Demosisto party candidate Agnes Chow launches High Court bid to have Hong Kong election ban overturned on Bill of Rights grounds
Joshua Wong’s comrade-in-arms was bidding to become city’s youngest ever lawmaker, before her disqualification
Young Hong Kong democracy activist Agnes Chow Ting went to the High Court on Tuesday to challenge her disqualification from the Legislative Council’s March by-elections.
After filing her petition, the 21-year-old Baptist University student said the court needed to safeguard Hongkongers’ rights when they are under threat.
“The most important issue was not whether I can run for future elections, it was whether Hong Kong people’s most basic rights and freedoms can be protected ... If we don’t with different ways try to do Hong Kong justice, there could be more and more political suppressions,” she warned.
Chow, Occupy student leader Joshua Wong Chi-fung’s comrade-in-arms, was seeking to become the city’s youngest ever lawmaker by contesting a seat vacated by party chairman Nathan Law Kwun-chung. Law was disqualified last year for an improperly taken oath of office.
Chow’s candidacy was invalidated in January by returning officer Anne Teng Yu-yan on the grounds that the doctrine of “democratic self-determination”, as promoted by Demosisto, was inconsistent with the “one country, two systems” principle enshrined and implemented under the Basic Law, the city’s mini-constitution.
Teng noted Chow, a founding member of Demosisto, had declared her political affiliation with the party in her nomination form, showing she continued to subscribe to the doctrine.
However, in the petition filed at the High Court, Chow’s legal team, led by former Bar Association chairman Paul Shieh Wing-tai, argued Teng’s decision was “vitiated by procedural irregularity and by infringement” of Chow’s right to be heard.
The move to bar Chow was a breach of Article 21 of the Hong Kong Bill of Rights, which states every resident shall have the right to be elected, without unreasonable restrictions or distinction of any kind, such as by political opinion, they added.
The legal team argued Chow should be considered as having fulfilled the requirements to become a candidate, as she signed and submitted a form declaring she would uphold the Basic Law.
There were “material irregularities” in the returning officer’s decision to approve Law’s candidacy for the 2016 Legco elections, and disapprove Chow’s, the lawyers suggested.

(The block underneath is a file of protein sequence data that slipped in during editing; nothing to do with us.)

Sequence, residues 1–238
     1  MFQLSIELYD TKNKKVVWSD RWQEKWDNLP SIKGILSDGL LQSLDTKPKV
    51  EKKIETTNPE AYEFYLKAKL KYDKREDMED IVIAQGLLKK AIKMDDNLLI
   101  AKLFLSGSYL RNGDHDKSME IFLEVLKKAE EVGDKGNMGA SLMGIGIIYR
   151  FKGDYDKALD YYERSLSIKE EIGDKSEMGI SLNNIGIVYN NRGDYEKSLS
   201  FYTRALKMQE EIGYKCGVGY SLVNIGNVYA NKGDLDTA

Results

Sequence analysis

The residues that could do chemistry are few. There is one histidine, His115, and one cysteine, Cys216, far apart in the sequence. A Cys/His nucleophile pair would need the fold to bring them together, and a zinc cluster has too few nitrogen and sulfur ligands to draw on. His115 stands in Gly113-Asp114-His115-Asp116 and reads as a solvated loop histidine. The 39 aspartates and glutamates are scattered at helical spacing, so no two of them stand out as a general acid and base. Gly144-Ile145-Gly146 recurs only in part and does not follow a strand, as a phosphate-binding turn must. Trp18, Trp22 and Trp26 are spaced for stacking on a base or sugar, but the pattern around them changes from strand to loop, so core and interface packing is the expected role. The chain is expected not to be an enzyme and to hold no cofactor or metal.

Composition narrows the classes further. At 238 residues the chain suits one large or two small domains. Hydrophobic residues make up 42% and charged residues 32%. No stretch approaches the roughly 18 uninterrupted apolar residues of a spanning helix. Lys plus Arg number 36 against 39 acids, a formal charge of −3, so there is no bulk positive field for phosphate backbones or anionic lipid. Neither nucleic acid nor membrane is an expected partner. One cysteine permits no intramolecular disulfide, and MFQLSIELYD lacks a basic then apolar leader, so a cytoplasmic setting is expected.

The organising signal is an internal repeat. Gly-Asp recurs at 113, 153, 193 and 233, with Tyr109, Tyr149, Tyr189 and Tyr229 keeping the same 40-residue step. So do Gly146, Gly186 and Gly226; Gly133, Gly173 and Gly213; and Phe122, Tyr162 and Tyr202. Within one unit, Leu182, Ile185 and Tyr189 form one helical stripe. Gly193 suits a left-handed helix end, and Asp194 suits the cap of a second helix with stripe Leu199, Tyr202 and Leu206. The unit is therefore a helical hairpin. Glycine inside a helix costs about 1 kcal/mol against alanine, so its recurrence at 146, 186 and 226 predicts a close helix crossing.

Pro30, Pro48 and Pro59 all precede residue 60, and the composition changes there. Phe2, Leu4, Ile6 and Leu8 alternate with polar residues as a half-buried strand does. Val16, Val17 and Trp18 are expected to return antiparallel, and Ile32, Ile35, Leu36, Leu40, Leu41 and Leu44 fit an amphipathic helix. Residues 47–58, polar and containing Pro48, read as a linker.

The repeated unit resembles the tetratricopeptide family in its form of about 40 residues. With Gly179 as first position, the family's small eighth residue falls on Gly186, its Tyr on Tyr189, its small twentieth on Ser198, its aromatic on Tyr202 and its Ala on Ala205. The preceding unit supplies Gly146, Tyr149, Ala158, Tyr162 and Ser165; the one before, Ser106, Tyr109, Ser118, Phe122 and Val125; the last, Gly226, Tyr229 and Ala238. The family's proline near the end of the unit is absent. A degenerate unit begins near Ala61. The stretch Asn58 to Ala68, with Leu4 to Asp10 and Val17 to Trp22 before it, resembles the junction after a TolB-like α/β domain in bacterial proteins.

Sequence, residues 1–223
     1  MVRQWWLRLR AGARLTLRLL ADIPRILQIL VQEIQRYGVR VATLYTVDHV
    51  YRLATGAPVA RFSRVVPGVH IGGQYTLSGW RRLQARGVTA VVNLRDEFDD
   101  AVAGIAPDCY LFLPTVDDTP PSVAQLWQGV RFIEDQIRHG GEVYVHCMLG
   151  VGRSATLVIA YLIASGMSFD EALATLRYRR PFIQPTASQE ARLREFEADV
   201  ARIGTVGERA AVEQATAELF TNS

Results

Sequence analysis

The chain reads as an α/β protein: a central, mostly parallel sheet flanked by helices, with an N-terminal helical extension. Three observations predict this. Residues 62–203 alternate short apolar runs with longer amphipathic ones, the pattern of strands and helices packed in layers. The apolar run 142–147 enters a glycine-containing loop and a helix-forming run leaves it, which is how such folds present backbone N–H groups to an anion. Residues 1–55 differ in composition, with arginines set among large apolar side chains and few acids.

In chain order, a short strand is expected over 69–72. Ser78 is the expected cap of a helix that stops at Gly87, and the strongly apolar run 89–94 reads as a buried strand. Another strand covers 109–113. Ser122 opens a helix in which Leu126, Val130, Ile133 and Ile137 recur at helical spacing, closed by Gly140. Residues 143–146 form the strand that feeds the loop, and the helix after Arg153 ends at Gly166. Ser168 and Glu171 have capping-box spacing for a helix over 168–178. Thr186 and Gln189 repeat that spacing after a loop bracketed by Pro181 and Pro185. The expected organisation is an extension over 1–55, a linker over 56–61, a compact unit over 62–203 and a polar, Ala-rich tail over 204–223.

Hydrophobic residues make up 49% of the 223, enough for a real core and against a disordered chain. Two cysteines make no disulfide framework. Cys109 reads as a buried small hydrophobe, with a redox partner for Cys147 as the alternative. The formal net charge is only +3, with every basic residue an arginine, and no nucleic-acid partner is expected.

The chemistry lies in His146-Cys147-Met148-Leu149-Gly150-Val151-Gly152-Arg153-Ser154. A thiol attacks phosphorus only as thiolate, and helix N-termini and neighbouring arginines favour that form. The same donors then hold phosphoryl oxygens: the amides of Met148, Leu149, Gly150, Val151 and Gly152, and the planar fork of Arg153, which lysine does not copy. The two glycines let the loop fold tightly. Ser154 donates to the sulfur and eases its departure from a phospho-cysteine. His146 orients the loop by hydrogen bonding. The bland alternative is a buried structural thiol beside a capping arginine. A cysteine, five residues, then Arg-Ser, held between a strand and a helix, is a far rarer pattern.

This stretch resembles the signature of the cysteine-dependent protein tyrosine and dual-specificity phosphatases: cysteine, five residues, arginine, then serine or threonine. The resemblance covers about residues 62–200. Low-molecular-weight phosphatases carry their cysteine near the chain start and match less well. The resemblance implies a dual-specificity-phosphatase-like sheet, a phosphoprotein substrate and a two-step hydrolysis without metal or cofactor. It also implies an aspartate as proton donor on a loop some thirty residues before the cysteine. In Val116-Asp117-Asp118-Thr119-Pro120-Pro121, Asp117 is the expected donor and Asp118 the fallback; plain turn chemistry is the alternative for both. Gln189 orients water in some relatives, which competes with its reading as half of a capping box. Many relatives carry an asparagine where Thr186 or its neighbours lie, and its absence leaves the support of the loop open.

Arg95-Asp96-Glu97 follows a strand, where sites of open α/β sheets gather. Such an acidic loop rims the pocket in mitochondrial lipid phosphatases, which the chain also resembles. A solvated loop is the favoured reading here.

Chow added on Tuesday it was worrying that authorities seemed to be keen on tightening election rules, especially after Tam Yiu-chung, Hong Kong’s sole delegate to China’s top legislative body, said in March that those who call for an “end to one-party dictatorship” in China risk disqualification from elections.
Demosisto’s platform had called for a citywide referendum on its political future, including the option of independence from China. But Chow insisted that her party “has not been advocating” Hong Kong independence.
In February, the High Court made a landmark ruling against pro-independence activist Andy Chan Ho-tin, which determined that returning officers could bar candidates because of their political views – but only when presented with “cogent, clear and compelling” evidence that entrants would not uphold the Basic Law.
Chow’s legal team argued she should be given a “reasonable opportunity” to explain herself, before Teng determined “whether there were such cogent, clear and compelling materials” to support the invalidation.
Chow was not given that opportunity, the lawyers added.
In November 2016, Beijing made an interpretation of the Basic Law that made improper oath-taking, and failure to accept Hong Kong as an inalienable part of China, punishable by disqualification.
It led to Law, and five other pro-democracy lawmakers, being disqualified for failing to take their oaths of office properly, and by-elections were held on March 11 to fill four of the six seats vacated.
Au Nok-hin, a localist supported by Demosisto, took Chow’s place to represent the opposition camp in the race, and won.
In filing the petition, Chow’s lawyers asked the court to decide if Au was duly elected on March 11. If he was not duly elected, the court should decide whether Chow “or some other persons” were duly elected in his place.
Au said he respected the 21-year-old’s decision “to exercise her legal rights”.
However, he said it was too early to say whether he would seek to reclaim his seat, should the court rule in Chow’s favour.